Freddie Wilde takes a look at some of the CricViz numbers from the recently concluded Big Bash League season.
At CricViz we record and rank every fielding incident, prescribing positive or negative run values to successful or unsuccessful catches, run outs, and stops based on the incident’s difficulty and the time at which it occurred in the innings.
Collecting this data allows us to rank teams according to their fielding impact. The table below is the final fielding impact leaderboard from this season’s BBL.
|Team (final league position)||Impact||Dropped Catches|
|Perth Scorchers (1)||+54.70||12|
|Brisbane Heat (2)||+27.75||5|
|Sydney Sixers (3)||+12.35||10|
|Melbourne Renegades (5)||+6.05||4|
|Melbourne Stars (4)||-8.20||4|
|Hobart Hurricanes (7)||-23.45||10|
|Sydney Thunder (8)||-31.15||12|
|Adelaide Strikers (6)||-31.50||9|
There is a strong correlation between a team’s final league position and their fielding score. The eventual champions, Perth Scorchers, are way out in front with a fielding impact of +54.70 after recording three consecutive high impacts in their final matches of the season.
Of the 8015 shots played in the BBL, 427 of them were ‘defensive’ shots: forward defensive, backward defensive and no shot; that is 5.32% of shots played. All other shots that were played can be categorised as ‘scoring’ shots.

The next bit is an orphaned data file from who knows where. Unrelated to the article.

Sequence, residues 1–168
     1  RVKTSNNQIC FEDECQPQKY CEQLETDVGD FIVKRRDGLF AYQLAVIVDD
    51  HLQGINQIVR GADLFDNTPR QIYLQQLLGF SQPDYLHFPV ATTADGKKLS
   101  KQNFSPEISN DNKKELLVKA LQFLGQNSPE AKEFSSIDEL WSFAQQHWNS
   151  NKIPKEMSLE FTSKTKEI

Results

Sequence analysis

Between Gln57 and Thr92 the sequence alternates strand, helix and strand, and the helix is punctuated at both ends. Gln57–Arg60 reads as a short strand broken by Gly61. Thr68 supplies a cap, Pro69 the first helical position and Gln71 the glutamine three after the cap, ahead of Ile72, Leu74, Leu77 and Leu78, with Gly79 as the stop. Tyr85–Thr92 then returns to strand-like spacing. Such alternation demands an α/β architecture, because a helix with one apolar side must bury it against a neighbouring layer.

The shots played most often were the drive (2120), ‘working’ the ball (1247), pull (873), pushed (659), slog (606) and cut (585). The shots played least often were switch hit (7), fended (9), scoop (38), hook (61) and upper cut (63).
The shots with the highest average were the scoop (82.00), late cut (68.50), upper cut (68.50), dropped (68.00) and glance (51.33). The low averages for the late cut, dropped and glance – all low-risk shots – are to be expected, but the scoop and upper-cut are more surprising.
The shots with the lowest average were the switch hit (6.50), albeit from just seven shots, and then forward and backward defensive (7.00 and 14.00). Clearly, these two shots rarely bring any runs; their low average is understandable. The shot with the next lowest average is the slog (15.52), indicative of the risk it entails.
All shots that have boundary percentages of 5.19% or less unsurprisingly have strike rates of below 100: no shot (1.16), forward defensive (13.79), backward defensive (20.28), fended (33.33), pushed (55.99), dropped (71.57), steer (86.68) and worked (87.07).
The shots with the highest strike rates were slog sweep (255.62), hook (245.90), slog (217.82), upper cut (217.46) and scoop (215.78).
|Shot||Played||Average||Strike Rate||Dot Ball %||Boundary %|
Off Pace Balls
Of the bowlers to deliver at least 100 balls this season Ben Laughlin and Andrew Tye are well out in front in terms of percentage of off-pace balls bowled (leg cutters, off cutters, slower balls), with Laughlin bowling 51% and Tye bowling 38%. No one took more wickets with off-pace deliveries than Sean Abbott (8) and his strike rate from off-pace balls of 5.87 is only bettered by Tim Bresnan who took 4 wickets in just 19 off pace deliveries, giving him a strike rate of 4.75. The only two bowlers whose off-pace deliveries went at less than a run-a-ball were Laughlin (5.28) and Mitchell Johnson (5.52). The only five bowlers listed here to have higher economy rates from their off-paced deliveries than their overall aggregate are Dan Christian, Chris Tremain, Marcus Stoinis, Andre Russell and Jhye Richardson.
|Bowler||Off Pace Balls||% Off Pace Balls||Wickets||Average||ER||Strike Rate|
Freddie Wilde is an editor and analyst at CricViz.